The Brazilian government is concerned that some hotels listed on FIFA’s website for the 2014 World Cup plan steep price hikes during the tournament and is reportedly considering investigating the FIFA-appointed agency in charge of accommodation.
Brazil’s tourism board has notified the justice ministry after its research showed that rates will be up to 500 percent more expensive during the World Cup in some hotels offered by the agency MATCH Services on FIFA’s website.
“It’s probable that MATCH is exercising intermediation fees that are a lot higher than usually exercised in the tourism market,” the board said in a document obtained by The Associated Press, “harming the rights of potential consumers.”
MATCH denied any wrongdoing on Saturday, saying it “provides a totally transparent price structure.”
“With a small number of exceptions where MATCH Services has had to accept higher than normal rates, all other participating hotels have accepted and agreed to embrace FIFA’s and MATCH’s policy to provide reasonably acceptable rates,” it said in a statement.
The Swiss-based company is primarily responsible for contracting and delivering accommodation for the FIFA community, including its officials, delegates, guests and staff. It also sells rooms to FIFA’s commercial affiliates, the media and customers of the official hospitality program. Rooms are offered to the general public through the FIFA website operated and maintained by MATCH.
The study by the tourism board, known as Embratur, compared prices in several dozen hotels in the 12 host cities. It was conducted through researching prices announced on booking websites, the hotels’ sites and FIFA’s official web page.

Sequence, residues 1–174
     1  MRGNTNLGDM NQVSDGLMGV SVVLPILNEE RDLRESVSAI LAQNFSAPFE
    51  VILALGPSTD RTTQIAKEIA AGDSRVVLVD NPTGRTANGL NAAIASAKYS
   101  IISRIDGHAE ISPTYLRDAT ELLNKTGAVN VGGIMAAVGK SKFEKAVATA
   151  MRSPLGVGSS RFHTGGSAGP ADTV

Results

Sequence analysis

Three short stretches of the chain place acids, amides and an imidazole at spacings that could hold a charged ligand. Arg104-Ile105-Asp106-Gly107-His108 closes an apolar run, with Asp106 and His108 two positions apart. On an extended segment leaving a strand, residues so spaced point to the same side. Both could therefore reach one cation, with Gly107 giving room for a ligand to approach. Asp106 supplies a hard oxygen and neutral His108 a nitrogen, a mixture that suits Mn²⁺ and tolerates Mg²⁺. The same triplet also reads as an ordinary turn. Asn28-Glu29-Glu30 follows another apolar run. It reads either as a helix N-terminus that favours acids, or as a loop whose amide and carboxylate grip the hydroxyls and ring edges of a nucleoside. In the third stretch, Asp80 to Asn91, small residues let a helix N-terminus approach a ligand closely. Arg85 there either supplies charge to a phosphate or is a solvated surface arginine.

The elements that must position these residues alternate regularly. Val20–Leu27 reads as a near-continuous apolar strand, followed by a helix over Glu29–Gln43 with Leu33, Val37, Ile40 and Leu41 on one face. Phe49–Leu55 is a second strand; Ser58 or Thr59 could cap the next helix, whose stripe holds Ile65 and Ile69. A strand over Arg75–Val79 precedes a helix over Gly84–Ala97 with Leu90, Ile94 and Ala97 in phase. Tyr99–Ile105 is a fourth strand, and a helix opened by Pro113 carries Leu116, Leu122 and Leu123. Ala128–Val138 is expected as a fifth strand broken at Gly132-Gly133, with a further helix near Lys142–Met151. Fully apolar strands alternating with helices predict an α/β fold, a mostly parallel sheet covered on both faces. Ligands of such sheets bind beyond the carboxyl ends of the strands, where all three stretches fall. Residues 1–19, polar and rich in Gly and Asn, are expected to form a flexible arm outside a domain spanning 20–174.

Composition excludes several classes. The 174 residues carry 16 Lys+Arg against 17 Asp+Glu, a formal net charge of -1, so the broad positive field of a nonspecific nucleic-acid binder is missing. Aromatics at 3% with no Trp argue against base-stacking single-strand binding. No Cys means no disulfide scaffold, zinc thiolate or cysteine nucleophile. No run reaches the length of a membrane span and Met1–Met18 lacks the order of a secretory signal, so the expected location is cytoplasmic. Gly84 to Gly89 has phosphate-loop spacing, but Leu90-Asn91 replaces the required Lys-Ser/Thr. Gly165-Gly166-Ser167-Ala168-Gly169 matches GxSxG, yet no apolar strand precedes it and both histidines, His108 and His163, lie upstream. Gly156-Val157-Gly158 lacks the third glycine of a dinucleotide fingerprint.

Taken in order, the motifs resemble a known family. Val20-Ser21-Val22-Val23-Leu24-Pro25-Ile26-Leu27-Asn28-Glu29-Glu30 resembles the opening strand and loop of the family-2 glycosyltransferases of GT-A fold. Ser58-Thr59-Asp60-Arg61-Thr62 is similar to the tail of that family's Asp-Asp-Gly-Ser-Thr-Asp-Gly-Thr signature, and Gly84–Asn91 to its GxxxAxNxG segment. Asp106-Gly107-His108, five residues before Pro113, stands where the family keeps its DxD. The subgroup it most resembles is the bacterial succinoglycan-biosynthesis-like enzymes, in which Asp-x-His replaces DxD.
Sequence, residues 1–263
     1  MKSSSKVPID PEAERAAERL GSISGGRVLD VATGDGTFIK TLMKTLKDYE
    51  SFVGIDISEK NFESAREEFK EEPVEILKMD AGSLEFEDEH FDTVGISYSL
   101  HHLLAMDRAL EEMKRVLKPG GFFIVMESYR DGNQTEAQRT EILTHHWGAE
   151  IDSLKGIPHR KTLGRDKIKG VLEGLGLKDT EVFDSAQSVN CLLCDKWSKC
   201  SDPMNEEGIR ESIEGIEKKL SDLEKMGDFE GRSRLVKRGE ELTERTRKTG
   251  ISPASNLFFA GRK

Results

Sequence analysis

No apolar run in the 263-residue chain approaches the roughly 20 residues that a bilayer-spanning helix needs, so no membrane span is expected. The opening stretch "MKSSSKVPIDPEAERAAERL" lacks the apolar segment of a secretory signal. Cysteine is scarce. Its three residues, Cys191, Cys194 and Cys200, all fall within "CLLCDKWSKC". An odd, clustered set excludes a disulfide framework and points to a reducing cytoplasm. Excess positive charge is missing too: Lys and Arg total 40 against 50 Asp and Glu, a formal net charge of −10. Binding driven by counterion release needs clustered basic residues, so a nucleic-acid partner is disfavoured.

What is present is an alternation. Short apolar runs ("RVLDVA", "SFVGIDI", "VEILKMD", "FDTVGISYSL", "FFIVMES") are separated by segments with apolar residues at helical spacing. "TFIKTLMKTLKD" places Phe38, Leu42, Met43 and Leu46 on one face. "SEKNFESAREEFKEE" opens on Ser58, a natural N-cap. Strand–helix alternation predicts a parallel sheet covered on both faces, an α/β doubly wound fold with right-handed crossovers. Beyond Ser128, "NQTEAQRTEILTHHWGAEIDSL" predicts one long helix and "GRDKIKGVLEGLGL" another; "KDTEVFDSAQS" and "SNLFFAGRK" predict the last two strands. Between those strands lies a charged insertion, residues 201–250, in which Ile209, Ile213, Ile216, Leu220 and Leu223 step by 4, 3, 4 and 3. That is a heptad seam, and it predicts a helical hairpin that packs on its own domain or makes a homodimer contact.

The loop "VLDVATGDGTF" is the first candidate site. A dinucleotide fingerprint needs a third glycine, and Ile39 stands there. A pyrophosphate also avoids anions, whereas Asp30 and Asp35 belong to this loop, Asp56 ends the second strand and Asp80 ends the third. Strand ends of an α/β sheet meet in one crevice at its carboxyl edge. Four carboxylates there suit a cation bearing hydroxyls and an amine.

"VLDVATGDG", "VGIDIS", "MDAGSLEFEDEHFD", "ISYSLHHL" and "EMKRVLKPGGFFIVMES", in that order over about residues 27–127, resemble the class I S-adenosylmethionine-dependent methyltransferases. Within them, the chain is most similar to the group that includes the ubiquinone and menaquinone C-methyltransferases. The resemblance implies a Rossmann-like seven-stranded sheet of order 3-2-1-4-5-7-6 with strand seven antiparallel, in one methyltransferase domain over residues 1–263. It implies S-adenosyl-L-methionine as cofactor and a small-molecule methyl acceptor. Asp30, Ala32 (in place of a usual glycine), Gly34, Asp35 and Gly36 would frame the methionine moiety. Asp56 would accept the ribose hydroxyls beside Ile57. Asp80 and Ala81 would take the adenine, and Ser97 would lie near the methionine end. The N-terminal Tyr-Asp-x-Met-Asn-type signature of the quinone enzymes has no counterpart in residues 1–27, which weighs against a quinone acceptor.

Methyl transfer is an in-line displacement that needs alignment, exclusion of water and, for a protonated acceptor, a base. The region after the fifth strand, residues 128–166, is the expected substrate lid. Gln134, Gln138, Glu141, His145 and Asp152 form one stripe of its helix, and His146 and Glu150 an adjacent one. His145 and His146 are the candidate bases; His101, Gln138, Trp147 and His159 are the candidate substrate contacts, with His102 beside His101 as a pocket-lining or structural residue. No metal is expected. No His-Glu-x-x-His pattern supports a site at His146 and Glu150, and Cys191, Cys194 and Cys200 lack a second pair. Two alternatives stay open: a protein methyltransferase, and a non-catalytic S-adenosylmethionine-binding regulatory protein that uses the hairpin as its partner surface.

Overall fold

Embratur did not say exactly how many hotels were compared, but of the 65 hotels listed in the study’s results 22 increased prices more than 200 percent, with six offering rates at least 300 percent higher. The biggest increase was by a hotel in the northeastern city of Salvador, which will charge $509 per night during the World Cup, a 583 percent increase compared to the $75 it charged this July.
The host cities with the smallest increase in rates are Recife and Sao Paulo, with hikes of about 100 percent on average. The capital of Brasilia had the most expensive hotel in the study, with certain rooms costing $639 per night, a 376 percent increase compared to the current price.
The study showed that the average cost for a room in Rio de Janeiro during the World Cup will be $461, more than double the rate in Johannesburg for the 2010 World Cup final in South Africa.
Embratur said it wants to negotiate better prices in part because it’s afraid that excessive rates during the World Cup may hurt Brazil’s tourism in the long run.
“Raises without limits may satisfy the profit expectations of some, but they are bad for the sustainability of the business,” Embratur president Flavio Dino said in a statement sent to the AP. “We are hosting these mega events in Brazil to help increase the flux of tourists in the country in the long run. The government will do everything possible to protect the image of the country and of the industry itself.”